If you're reading this on your phone or tablet, prepare to feel behind the times. Telepathy, the Japanese startup that moved to Silicon Valley earlier this year to pursue wearable computing, announced on Thursday that it had raised $5 million in a Series A round to create its wearable device.
According to a news release, Telepathy will use the funds to hire additional hardware and software engineers and to speed up its development of flagship product, Telepathy One. A slim, lightweight device held in place on the user's head by earbuds, Telepathy One could be a competitor to other wearable computers such as Google Glass.
"Wearable technology will enable the next wave in social networking," Takahito Iguchi, Telepathy's chief executive, said in the release.
As for the current frontrunner of wearable computing? "I don't think Google is my enemy," Iguchi told reporters at a press preview of the device in April. "I would like to shake hands and create a new industry with them."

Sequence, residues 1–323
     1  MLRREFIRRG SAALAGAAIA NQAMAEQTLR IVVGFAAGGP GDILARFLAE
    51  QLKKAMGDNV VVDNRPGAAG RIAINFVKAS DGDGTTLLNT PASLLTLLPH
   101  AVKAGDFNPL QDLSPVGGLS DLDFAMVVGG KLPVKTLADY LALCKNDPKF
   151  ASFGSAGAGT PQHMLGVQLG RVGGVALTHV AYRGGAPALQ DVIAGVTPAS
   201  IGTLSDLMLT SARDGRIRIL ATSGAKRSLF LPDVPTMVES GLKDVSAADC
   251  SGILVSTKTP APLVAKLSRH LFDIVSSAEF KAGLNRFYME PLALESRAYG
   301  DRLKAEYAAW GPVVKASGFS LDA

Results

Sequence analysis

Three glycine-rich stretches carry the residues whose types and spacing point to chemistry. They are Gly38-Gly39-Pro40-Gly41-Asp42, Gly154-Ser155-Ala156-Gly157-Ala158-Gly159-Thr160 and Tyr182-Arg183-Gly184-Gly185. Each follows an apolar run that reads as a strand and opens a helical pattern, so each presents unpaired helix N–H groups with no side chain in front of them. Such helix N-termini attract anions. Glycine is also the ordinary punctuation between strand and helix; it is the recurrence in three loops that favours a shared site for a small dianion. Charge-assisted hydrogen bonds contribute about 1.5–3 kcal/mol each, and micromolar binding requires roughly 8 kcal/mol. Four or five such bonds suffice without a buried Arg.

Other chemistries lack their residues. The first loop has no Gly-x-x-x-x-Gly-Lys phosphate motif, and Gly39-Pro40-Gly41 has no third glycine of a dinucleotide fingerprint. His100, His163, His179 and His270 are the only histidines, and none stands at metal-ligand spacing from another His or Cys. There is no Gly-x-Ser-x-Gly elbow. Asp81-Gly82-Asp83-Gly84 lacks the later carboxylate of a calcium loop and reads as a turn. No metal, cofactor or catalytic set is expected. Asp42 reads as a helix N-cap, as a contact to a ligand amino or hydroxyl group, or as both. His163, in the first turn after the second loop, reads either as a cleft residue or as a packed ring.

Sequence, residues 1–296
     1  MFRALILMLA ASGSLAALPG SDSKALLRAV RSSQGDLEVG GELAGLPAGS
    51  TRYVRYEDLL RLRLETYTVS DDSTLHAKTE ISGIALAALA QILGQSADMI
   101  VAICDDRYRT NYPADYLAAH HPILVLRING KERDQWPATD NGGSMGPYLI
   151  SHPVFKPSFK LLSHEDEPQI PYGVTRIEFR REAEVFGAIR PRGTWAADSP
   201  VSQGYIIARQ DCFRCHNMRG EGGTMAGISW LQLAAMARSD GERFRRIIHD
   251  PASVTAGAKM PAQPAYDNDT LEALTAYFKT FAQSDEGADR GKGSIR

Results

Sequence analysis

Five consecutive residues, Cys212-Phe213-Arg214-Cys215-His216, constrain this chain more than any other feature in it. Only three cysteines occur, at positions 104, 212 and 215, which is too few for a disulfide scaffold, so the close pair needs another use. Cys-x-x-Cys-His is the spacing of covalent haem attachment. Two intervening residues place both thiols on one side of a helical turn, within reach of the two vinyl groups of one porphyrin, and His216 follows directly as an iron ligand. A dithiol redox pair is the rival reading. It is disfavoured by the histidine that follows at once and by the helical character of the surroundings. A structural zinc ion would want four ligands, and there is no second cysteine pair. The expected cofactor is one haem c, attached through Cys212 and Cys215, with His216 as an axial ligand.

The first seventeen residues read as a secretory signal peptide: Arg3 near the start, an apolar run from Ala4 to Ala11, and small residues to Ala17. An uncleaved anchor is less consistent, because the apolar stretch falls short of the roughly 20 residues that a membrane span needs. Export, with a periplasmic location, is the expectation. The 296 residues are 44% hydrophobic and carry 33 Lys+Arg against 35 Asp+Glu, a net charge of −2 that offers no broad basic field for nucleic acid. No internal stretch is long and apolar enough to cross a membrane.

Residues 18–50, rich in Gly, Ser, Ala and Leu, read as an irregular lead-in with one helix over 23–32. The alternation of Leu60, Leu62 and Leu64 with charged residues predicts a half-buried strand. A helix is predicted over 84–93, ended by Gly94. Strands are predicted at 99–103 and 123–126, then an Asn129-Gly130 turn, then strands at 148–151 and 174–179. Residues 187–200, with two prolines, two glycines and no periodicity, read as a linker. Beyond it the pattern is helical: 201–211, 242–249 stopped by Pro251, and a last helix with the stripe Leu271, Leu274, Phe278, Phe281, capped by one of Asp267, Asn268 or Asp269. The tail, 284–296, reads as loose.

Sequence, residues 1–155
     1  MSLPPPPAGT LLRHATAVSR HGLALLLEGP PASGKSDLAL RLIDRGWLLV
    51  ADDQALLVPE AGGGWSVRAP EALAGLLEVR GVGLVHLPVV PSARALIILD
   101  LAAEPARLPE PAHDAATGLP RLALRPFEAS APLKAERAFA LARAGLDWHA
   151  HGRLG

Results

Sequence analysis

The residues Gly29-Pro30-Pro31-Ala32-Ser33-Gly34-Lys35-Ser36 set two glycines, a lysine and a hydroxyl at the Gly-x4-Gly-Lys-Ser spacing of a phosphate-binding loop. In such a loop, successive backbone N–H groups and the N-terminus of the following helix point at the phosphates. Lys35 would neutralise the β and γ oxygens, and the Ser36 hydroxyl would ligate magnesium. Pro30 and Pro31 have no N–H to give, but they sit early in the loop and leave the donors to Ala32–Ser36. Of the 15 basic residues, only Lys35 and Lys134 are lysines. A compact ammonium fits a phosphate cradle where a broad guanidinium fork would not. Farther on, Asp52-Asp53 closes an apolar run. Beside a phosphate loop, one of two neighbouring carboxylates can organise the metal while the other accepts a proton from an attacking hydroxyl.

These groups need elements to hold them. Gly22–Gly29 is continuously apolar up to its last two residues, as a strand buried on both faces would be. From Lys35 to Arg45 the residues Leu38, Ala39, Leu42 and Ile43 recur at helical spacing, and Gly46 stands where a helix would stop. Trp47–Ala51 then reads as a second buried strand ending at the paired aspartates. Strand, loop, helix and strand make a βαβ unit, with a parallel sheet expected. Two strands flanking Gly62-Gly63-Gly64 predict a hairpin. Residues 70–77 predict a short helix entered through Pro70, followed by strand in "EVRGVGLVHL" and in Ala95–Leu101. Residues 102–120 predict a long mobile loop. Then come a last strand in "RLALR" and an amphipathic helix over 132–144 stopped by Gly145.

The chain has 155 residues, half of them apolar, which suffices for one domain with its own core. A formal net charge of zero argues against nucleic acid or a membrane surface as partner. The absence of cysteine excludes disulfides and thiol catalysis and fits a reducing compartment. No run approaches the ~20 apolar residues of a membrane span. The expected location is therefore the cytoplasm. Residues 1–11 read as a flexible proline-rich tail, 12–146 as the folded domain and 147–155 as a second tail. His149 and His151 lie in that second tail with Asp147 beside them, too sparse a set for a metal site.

At that event, he also explained the differences he sees between the two devices. While Glass aims to serve multiple functions, he said, Linux-based Telepathy One will be more like an iPod, designed to do one thing very well. In this case, that thing is two-way communication in which Telepathy users share media, such as photos and video, in real time and viewers can react to them.
The Telepathy One, though still in its early stages, is clearly more conscious of aesthetics than the somewhat awkward-looking Glass. The sleek prototype shown in April had a micro-camera and projection unit positioned in front of the wearer's right eye; the resulting screen hovers in the top right of the visual field.
In video mode, viewers will be able to watch and comment on what you're seeing, Iguchi said. Comments will pop up in the screen for the wearer to read.
The Telepathy One will be available to consumers next year, he said in yesterday's statement. The company plans to make its software development kit available to app developers this fall.
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